It’s that time again for one of my favorite posts of the year – the baking cookbook roundup!
I’m guessing that everyone is in holiday shopping mode, so if you’re still looking for a gift for your favorite baker, or maybe for your own bookshelf, there’s a great selection of baking cookbooks looking for an eager home. Some of my favorites from this year are listed in the sidebars to the right of this post, but let’s take a look at some of the latest releases – there’s truly something for every taste. May you all never run out of bookshelf space!
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Tags:art of french baking·baking style·cookbook·cooking light·cooking with chocolate·culinarian·dolci·gobba gobba hey·karen krasne·macarons·pierre herme·review·sweet invention
image from Field Guide to Candy
A few weeks back, I was invited to be a judge for TasteTV‘s Best Toffee in North America Competition. A whole boxful of toffees delivered to my door? Yes, please!
Those of you who are curious about the difference between toffee, English toffees, and buttercrunch, feel free to see my older post on buttercrunch. I became quite obsessed with untangling the various monikers of this candy while researching my candy book, if you couldn’t tell.
These days, most buttercrunch is marketed simply as “toffee”; I only saw one brand out of thirteen that was labelled “English toffee” (Which may perhaps provide some comfort to poor Brits trying to find their version of the candy abroad). For that reason, I will refer to all the candy I sampled for the competition as toffee, to avoid confusion. I will maintain, though, my abiding love for the word “buttercrunch”. If I ever make and sell my own version, I’ll call it buttercrunch, and probably confuse the heck out of everyone.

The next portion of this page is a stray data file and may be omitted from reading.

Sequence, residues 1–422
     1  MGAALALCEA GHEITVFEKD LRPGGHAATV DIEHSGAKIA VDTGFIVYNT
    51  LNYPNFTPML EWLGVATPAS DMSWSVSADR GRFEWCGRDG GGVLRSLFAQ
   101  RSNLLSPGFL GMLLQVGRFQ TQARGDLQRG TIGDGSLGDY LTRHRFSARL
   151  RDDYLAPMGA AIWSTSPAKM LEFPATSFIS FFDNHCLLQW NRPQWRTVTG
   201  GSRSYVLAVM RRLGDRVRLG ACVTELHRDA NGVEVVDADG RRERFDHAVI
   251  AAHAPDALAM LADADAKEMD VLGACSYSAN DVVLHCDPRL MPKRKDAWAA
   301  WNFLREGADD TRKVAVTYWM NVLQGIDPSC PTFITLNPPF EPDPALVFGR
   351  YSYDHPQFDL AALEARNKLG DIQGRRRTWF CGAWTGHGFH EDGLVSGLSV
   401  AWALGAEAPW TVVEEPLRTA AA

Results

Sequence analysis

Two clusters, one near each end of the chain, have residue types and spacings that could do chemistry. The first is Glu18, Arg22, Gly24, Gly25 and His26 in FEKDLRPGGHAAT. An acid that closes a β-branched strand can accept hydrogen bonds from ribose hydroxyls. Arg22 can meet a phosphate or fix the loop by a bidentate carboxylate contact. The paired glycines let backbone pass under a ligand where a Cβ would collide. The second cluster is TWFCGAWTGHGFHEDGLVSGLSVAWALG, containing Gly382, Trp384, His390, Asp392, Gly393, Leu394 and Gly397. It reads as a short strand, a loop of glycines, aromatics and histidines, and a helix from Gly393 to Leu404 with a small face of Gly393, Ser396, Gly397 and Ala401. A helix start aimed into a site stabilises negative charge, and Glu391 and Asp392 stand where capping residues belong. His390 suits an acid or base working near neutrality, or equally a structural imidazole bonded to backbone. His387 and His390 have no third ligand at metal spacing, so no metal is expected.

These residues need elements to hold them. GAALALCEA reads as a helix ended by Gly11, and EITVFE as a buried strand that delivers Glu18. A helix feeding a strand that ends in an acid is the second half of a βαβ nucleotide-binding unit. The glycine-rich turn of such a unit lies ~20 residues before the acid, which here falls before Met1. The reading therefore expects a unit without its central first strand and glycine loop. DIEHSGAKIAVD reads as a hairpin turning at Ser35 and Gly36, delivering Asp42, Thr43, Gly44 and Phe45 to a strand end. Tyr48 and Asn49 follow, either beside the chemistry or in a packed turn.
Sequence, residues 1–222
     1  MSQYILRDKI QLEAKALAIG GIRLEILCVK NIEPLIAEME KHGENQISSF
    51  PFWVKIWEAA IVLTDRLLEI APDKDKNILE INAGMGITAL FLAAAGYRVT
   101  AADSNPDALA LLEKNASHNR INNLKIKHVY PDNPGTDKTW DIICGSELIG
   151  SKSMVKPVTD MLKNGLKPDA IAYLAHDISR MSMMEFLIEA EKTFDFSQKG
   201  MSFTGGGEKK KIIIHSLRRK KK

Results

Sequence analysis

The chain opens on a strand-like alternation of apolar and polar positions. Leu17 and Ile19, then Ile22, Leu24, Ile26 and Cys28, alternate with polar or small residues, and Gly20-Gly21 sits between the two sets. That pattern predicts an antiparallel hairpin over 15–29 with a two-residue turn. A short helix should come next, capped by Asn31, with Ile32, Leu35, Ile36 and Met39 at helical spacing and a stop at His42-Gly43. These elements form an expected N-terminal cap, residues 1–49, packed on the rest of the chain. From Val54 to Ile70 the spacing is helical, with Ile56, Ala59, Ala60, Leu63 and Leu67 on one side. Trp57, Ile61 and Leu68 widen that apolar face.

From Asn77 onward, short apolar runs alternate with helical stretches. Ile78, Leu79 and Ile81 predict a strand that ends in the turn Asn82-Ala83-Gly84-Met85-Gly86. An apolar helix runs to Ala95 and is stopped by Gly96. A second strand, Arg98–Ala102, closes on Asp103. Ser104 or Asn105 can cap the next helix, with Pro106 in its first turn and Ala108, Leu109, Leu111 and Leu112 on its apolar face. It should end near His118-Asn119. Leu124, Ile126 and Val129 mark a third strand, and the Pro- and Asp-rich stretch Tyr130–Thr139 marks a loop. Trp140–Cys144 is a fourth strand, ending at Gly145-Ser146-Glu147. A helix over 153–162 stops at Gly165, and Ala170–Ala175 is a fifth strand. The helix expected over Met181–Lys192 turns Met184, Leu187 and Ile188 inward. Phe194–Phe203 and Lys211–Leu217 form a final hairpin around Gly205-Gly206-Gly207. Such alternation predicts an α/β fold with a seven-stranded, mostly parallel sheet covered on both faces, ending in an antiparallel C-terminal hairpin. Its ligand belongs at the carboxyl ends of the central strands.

So how does one determine the best toffee?
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Tags:buttercrunch·cinda's toffee·judge·malibu toffee·review·tastetv·toffee·toffee talk·toffeeology
My first trip to Hong Kong that I remember happened when I was in fourth grade. (My very first time to Hong Kong, I was only a few months old, and therefore have no memories of that trip – a shame, as my maternal grandmother passed away shortly afterwards). When I went again as a fourth-grader, my mother took my sister and I down to the twisty streets of Yau Ma Tei and stopped at a streetside cart where a elderly man was spooning batter into what looked like a handheld waffle maker held over a charcoal grill. In a few seconds he turned out a golden, bubbly sheet into a paper cone and handed it to me.
This was my introduction to eggettes, a classic Hong Kong street food. Like most street food, they taste best seconds after they’ve been handed to you by the vendor. Crisp on the outside, soft and fluffy on the inside, it’s like bubble wrap made of cake, and pulling off the individual “eggs” affords a satisfaction akin to popping the little bubbles on bubble wrap. The Chinese name, daan jai or gai daan jai, literally translates to “little eggs”, which is what the treat resembles, although somewhere along the way someone came up with the much catchier name “eggettes.” Eggettes became one of my and my sisters’ favorite things to eat in Hong Kong, and every time we’ve returned, we keep one eye open for a eggette stall every time we step outside.
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Tags:daan jai·eggettes·hong kong·mom·review·williams sonoma